The European Robotics League comes to the South West

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Assisted home care robots

The Bristol Robotics Laboratory (BRL) will host the first European-Commission funded European Robotics League (ERL) contest for service robots to be held in the UK.

Two teams from the BRL and Birmingham will pitch their robots against each other in a series of events from 26 and 30 June.

Robots designed to support people with care-related tasks in the home will be given a series of simulated tests. The assisted living robots will face various challenges, including understanding natural speech and finding and retrieving objects for the user as well as greeting visitors at the door appropriately, such as welcoming a doctor on their visit or turning away unwanted visitors.

Associate Professor Praminda Caleb-Solly, Theme Leader for Assistive Robotics at the BRL said, “The lessons learned during the competition will contribute to how robots in the future help people, such as those with ageing-related impairments and those with other disabilities, live independently in their own homes for as long as possible. This is particularly significant with the growing shortage of carers available to provide support for an ageing population.”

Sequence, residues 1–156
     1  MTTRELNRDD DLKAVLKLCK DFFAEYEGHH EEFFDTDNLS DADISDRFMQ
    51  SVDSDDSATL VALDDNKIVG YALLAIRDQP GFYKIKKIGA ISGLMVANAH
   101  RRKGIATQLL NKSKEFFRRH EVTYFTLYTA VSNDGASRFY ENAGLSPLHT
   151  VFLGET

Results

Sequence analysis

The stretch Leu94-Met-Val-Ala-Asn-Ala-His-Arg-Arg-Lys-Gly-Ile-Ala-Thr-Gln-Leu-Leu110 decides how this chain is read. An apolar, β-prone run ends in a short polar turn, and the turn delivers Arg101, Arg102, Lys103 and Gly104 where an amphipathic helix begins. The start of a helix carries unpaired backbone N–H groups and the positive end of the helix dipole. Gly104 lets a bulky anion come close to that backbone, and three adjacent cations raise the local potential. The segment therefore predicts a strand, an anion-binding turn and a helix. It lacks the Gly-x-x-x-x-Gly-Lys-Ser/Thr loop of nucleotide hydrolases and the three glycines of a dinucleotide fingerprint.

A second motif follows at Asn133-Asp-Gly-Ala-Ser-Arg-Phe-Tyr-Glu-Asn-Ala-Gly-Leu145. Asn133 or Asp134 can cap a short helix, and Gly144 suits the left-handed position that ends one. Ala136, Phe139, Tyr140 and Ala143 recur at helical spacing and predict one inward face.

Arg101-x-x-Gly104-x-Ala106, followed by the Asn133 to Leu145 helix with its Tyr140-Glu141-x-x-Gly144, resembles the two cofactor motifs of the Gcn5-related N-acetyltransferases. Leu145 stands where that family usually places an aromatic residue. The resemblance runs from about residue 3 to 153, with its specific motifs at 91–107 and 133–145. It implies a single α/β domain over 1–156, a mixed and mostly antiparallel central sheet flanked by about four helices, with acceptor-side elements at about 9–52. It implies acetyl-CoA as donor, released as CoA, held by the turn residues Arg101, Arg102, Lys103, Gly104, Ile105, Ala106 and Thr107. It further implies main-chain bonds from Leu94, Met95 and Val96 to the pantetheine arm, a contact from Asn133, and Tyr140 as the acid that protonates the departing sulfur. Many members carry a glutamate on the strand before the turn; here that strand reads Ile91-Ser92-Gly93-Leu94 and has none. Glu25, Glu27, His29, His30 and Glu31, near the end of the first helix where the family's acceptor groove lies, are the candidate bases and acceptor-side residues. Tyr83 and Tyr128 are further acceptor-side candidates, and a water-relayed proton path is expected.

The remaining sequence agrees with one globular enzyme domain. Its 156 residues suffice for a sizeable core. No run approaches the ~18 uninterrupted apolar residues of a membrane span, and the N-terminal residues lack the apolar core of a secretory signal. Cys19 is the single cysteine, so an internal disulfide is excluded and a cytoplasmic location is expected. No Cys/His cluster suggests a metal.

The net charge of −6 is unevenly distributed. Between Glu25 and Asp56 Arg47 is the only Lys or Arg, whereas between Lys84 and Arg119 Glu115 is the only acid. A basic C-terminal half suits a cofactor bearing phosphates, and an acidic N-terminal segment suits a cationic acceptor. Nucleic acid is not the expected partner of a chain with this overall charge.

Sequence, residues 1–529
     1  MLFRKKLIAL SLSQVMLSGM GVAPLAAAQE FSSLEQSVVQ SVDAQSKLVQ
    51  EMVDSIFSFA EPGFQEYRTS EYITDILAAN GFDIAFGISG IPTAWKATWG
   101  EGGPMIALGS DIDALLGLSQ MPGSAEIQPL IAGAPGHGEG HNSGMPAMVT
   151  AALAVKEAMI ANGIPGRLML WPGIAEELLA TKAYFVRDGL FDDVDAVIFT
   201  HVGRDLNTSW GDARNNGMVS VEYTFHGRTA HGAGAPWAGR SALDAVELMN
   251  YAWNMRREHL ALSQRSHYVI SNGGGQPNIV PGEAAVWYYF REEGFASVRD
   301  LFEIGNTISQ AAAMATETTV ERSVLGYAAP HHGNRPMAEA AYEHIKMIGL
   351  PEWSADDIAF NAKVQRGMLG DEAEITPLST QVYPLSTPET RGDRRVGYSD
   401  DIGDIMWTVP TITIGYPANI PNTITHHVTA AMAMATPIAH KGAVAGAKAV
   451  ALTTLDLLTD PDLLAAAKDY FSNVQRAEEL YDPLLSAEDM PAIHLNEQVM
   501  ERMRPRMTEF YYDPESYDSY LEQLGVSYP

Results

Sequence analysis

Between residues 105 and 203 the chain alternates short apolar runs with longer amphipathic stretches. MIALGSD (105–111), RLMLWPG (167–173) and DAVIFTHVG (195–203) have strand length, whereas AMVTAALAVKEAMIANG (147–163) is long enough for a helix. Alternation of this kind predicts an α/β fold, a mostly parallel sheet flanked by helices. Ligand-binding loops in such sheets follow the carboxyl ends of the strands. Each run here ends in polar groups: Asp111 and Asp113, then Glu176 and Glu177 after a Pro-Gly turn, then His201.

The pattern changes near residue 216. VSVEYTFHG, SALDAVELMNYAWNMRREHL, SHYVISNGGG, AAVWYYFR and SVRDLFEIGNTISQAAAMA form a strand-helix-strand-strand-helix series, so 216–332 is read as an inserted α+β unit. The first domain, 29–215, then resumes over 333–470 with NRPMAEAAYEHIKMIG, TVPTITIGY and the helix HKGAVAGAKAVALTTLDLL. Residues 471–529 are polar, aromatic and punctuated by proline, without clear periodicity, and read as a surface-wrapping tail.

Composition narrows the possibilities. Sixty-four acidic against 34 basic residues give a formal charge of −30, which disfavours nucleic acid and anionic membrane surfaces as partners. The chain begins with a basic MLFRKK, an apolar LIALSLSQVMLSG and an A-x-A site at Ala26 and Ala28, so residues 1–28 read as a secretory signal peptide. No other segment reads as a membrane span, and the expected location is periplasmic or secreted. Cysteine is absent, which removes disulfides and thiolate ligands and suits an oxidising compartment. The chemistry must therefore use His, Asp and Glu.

The BRL, the host of the UK’s first ERL Service Robots contest, is a joint initiative of the University of the West of England and the University of Bristol. The many research areas include unmanned aerial vehicles, driverless cars, medical robotics and robotic sensing for touch and vision. BRL’s assisted living research group is developing interactive assistive robots as part of an ambient smart home ecosystem to support independent living.

The ERL contest will be held in the BRL’s Anchor Robotics Personalised Assisted Living Studio, which was set up to develop, test and evaluate assistive robotic and other technologies in a realistic home environment.

The studio was recently certified as a test bed by ERL Service Robots, which runs alongside similar competitions for industrial robots and for emergency robots, which includes machines that can search for and rescue people after earthquakes.

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